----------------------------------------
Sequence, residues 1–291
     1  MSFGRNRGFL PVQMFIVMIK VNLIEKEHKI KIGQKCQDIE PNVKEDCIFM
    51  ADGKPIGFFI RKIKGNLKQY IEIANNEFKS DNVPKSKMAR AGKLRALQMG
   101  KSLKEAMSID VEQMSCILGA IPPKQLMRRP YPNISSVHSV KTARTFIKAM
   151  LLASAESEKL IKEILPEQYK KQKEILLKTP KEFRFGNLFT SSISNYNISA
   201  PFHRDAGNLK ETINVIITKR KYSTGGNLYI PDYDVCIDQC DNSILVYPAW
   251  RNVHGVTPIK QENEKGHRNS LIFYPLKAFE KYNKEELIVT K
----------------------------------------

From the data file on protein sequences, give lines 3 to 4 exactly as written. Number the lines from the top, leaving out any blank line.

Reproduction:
    51  ADGKPIGFFI RKIKGNLKQY IEIANNEFKS DNVPKSKMAR AGKLRALQMG
   101  KSLKEAMSID VEQMSCILGA IPPKQLMRRP YPNISSVHSV KTARTFIKAM